Like Tony Abbott before him, Malcolm Turnbull is slated to make Jakarta one of his first overseas ports of call as prime minister. His visit will occur as calls grow louder in Indonesia and elsewhere for the truth to be told about the massacres of up to 1 million Indonesians 50 years ago this October.
Many now regard that bloodletting as one of the worst excesses of the second half of the 20th century. At the time, however, it was accepted in Australia (and in the West more generally) as legitimate collateral damage in the cut and thrust of the Cold War, and was played down in the Australian media.
Harold Holt, the Liberal Prime Minister of the day, expressed his pleasure that '500,000 to 1 million communist sympathisers (had been) knocked off'.
It is assumed, therefore, that Canberra did not then protest the massive miscarriage of justice and international law that occurred, or call for accountability. It can now compensate in a small way for that silence, and for its selective waiving of the recently developed Universal Declaration of Human Rights, by making public what it knew at the time.
Whether or not the Indonesian Communist Party (PKI) was behind the murder of six senior generals by army commandos (the '30 September Movement') early on the morning of 1 October 1965 is still contested. It is clear, however, that General Suharto used the crisis to take over the army and announce his intention 'to annihilate the 30 September Movement', which he equated with the PKI — the army's main rival for power in the fading days of the Sukarno regime.
The army began a grisly purge using, it is said, lists of names provided by the CIA. It then mobilised the community to seek out and liquidate anyone who was communist — whether or not they were involved in the 30 September murders — or Indonesians said to be communist (a label that I know to be extremely rubbery, having once been told that I was one).
No charges were laid or trials conducted. Decapitated bodies were dumped in rice fields, canals and forests across Indonesia, particularly Java and Bali. Perpetrators acted with impunity and sometimes in the belief that they were doing the right and patriotic thing. The terror of the period is brilliantly captured in Joshua Oppenheimer's film The Act of Killing (see video above).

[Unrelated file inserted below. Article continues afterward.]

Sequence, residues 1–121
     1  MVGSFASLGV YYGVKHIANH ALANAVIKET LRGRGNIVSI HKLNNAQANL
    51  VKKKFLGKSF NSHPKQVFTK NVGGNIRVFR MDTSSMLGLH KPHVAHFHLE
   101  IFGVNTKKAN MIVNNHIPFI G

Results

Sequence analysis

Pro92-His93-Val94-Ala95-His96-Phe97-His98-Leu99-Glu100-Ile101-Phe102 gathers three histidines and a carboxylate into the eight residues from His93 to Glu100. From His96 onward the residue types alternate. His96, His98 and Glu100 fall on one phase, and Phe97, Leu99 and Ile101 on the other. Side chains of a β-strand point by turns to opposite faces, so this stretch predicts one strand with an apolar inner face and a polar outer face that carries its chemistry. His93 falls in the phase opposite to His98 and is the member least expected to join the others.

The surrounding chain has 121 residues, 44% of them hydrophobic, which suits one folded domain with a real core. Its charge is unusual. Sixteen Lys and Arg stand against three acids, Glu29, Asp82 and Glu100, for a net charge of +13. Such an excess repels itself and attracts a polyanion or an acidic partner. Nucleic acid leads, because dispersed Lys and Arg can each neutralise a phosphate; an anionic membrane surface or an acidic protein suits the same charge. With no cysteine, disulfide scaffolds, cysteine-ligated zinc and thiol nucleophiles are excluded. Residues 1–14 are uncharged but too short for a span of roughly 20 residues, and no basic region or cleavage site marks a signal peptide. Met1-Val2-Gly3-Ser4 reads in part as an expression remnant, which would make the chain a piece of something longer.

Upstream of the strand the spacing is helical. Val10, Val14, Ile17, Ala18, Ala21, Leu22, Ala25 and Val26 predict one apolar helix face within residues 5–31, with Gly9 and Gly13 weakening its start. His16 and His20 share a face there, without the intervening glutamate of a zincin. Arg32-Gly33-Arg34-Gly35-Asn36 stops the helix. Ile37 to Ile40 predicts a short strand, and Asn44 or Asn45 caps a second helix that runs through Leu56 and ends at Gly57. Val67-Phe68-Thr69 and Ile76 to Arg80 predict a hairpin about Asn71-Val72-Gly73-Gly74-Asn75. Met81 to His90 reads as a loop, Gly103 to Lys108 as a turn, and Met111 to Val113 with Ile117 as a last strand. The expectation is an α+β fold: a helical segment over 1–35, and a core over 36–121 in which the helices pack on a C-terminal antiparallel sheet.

In addition, a staggering 1.5 million Indonesians were detained by the Suharto regime. During my first visit to Indonesia in 1968, I witnessed some of them crowded into cells in an old Dutch prison in Yogyakarta. The Jesuit with me whispered that many said they were Catholic.
My preconceptions about 'communists' were challenged again when, during the same visit, I bought an exquisitely moulded statue made by a political prisoner in Bandung. Why was someone so gifted being trashed, I wondered?
In his heartbreaking but sometimes beautiful memoir The Mute's Soliloquy, Pramoedya Ananta Toer, who spent 12 years in prison without charge, describes what happened as 'cannibalism'; a nation fed on itself while the world watched in silence or, in some instances, dare I say, celebrated.
Many thoughtful Indonesians believe it is both timely and beneficial to address the issue now. In a 2012 report on the period, Indonesia's human rights commission found that what happened were crimes against humanity. The eminent Jesuit public intellectual, Fr Franz Magnis-Suseno, says 'it is high time that victims are acknowledged'.
The government has announced the formation of a non-judicial 'reconciliation committee' but, unhappy with such half measures, an Indonesian led International People's Tribunal will conduct its own examination of the period in The Hague in November. The issue will also feature at this year's Ubud Writers and Readers Festival in Bali.
Some will argue that the killings were 'necessary evil' for the greater good of saving Indonesia from communism, forgetting perhaps that the region hosts several communist regimes today. Others will say, what's the point of revisiting this dark period?
The point, I believe, is manifold. It is to restore the dignity and name of many fine human beings who were denied due process and dehumanised in countless ways. It is to reflect on the enormous cost to Indonesia of dictatorship, a rampant military, a compliant Muslim and Catholic community, the impoverishment of Indonesia's civil society and cultural and intellectual life by the trashing of many of the country's best and brightest, and the reduction to servile timidity of a generation.
It is also to weigh up the incalculable cost of impunity. If the violence had been seriously challenged, would Indonesia have dared invade Timor-Leste a few short years later or take over West Papua during the same period in the way it did?
Pat Walsh will launch his book Stormy With a Chance of Fried Rice: Twelve Months in Jakarta (KPG) at this year's Ubud Writers and Readers Festival in Bali.